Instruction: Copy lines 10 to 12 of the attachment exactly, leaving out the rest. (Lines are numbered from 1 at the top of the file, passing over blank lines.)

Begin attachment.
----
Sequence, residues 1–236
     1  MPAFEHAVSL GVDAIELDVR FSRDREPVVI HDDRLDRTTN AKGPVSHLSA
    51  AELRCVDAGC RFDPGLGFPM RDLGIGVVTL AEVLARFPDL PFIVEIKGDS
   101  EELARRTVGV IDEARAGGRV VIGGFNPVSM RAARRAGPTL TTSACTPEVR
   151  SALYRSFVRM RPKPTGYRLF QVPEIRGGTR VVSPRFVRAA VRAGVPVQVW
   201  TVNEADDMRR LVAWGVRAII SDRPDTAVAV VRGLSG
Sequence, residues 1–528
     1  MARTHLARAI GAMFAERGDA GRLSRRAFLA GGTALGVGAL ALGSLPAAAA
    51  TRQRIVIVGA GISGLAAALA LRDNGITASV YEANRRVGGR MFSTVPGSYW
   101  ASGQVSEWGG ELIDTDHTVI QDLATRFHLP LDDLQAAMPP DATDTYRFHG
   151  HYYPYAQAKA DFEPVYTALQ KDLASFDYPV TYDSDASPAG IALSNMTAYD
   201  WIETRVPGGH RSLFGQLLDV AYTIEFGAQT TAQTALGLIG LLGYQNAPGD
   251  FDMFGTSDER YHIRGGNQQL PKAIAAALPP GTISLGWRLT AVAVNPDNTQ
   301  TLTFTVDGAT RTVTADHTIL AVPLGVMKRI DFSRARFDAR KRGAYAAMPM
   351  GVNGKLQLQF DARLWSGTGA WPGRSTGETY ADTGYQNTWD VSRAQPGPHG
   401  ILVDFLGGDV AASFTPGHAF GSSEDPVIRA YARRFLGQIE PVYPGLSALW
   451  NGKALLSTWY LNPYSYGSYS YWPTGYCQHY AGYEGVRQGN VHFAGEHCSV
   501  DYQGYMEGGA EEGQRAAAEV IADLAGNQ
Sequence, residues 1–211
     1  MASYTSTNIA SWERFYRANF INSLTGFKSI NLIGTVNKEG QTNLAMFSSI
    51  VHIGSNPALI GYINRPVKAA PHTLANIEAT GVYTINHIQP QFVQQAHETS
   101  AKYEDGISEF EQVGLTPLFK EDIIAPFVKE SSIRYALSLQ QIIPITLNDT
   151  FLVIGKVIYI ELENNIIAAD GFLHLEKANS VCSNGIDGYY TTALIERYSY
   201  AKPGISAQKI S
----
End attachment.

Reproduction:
   101  ASGQVSEWGG ELIDTDHTVI QDLATRFHLP LDDLQAAMPP DATDTYRFHG
   151  HYYPYAQAKA DFEPVYTALQ KDLASFDYPV TYDSDASPAG IALSNMTAYD
   201  WIETRVPGGH RSLFGQLLDV AYTIEFGAQT TAQTALGLIG LLGYQNAPGD